• Rule 34(b)(1)(A) and (B) – Reasonableness – Scope of discovery is not the only constraint on a Rule 34 product inspection. Separate subheadings under Rule 34(b)(1) require reasonableness both in the identification of the product to be inspected (“must describe with reasonable particularity each item or category of items to be inspected”) and in the conduct of the inspection itself (“must specify a reasonable time, place, and manner for the inspection and for performing the related acts”).

Against this largely permissive backdrop, a product inspection is plainly anticipated within the Rules as an appropriate discovery practice.

“We’re talking ‘bout practice, man!”

  • Ted Lasso, S1 Ep 6

Having established the ground rules, the next step is the practical approach to a product inspection where, in some cases, the rubber literally meets the road. Consider the following recommendations, organized by timing.

Before the inspection.

  • Protect against spoliation. Before developing your inspection strategy, you must secure a product to inspect. Send a written demand for preservation and non-spoliation of the product at issue as early as possible in the case.
  • Establish the goals. As you prepare for an upcoming product inspection, educate yourself as much as possible about the design, manufacture, and use of the product. To the extent possible through the pleadings and discovery to date, be able to articulate your opponent’s theory of defect. And, of course, consult with your expert before the inspection. With these preparations, you should approach the inspection with a good idea of what to expect from the product’s condition and performance, as well as what you hope to find to support your position.
  • Make a plan. Once you know what you want to accomplish at the product inspection, the next step is to craft how you want the inspection to go. Consider developing a protocol. What tools or measurements will you take, and who will be responsible for providing them? Will the inspection be photographed or videoed, and again, with what equipment? Will your experts be videotaped by the Plaintiff’s counsel as they do their job?  What should they wear? What measures should be taken to ensure that other attendees in the background will not be seen? And how many lawyers should be present, if any?
  • There’s more.  Will the inspection include (a) visual, (b) functional, and/or (c) destructive testing? If so, map out with your expert precisely what tests you expect to have performed, while also allowing flexibility to pivot onsite as new details become available. Strategically, you must decide whether to consult or share your protocol with your opponent. At a minimum, you cannot engage in destructive testing without agreement of the parties or court approval.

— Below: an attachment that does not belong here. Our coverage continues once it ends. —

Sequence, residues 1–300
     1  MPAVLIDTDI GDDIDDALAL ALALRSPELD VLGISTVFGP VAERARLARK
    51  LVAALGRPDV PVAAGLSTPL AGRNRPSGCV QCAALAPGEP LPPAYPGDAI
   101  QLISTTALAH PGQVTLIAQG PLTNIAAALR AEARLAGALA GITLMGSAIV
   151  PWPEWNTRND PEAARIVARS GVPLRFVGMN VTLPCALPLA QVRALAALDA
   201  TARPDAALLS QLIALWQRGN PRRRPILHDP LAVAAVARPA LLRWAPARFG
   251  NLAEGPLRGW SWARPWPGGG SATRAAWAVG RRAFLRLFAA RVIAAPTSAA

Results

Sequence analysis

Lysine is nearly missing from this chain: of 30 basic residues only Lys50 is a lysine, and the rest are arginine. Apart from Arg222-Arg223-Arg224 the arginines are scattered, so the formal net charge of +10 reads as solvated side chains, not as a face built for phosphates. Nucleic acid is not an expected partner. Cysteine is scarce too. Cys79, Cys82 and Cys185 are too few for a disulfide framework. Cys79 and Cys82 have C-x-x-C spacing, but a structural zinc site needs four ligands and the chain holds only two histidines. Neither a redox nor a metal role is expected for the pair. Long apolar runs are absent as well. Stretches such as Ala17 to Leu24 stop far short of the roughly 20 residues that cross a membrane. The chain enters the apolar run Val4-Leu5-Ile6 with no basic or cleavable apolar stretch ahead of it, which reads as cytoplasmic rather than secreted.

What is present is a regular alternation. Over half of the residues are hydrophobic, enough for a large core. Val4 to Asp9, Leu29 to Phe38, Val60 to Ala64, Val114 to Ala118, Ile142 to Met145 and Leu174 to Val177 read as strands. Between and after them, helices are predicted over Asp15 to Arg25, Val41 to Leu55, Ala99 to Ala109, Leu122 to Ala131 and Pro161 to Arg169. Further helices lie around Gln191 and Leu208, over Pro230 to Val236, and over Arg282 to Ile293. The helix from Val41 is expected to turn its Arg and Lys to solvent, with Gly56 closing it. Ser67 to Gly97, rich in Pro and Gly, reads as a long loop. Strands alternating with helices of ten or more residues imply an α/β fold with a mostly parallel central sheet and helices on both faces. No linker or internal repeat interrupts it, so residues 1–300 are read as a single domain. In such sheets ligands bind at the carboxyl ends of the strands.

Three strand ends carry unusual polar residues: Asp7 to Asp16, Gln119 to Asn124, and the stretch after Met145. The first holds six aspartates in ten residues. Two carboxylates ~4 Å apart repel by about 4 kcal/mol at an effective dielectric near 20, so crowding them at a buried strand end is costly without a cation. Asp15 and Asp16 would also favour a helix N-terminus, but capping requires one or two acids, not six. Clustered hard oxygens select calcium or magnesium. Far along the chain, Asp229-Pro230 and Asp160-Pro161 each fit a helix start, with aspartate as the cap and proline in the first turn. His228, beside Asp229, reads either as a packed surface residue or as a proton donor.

• Consider the Company. Consider whether your case lends itself to the presence of a company witness. Does your expert need to conduct testing consistent with manufacturing or inspection practices at the company? Does your client have specific tools or instruments that are a necessary part of the manufacturing or inspection process that would be needed at the inspection? Does the company have a witness who might serve as a non-retained expert? Does the option for your expert to consult with a company witness in real-time advance or hinder the goals of the inspection? These are decision points that can help you determine whether it makes sense to have a company witness present during the inspection.
  • Prepare your expert. Litigators understand and appreciate the adversarial nature of the proceedings. Experts are not always as guarded with opposing counsel. Prepare your expert in advance to be professional and courteous with your opponent but not overly deferential. For example, your expert’s inspection is for your benefit and your client’s, not your adversary’s. Your expert should not be “taking requests” from opposing counsel regarding tests to perform or measurements to capture. In the same vein, prepare your expert regarding discoverability. Notes, measurements, and images from the inspection are all fair game. Make sure your expert understands that.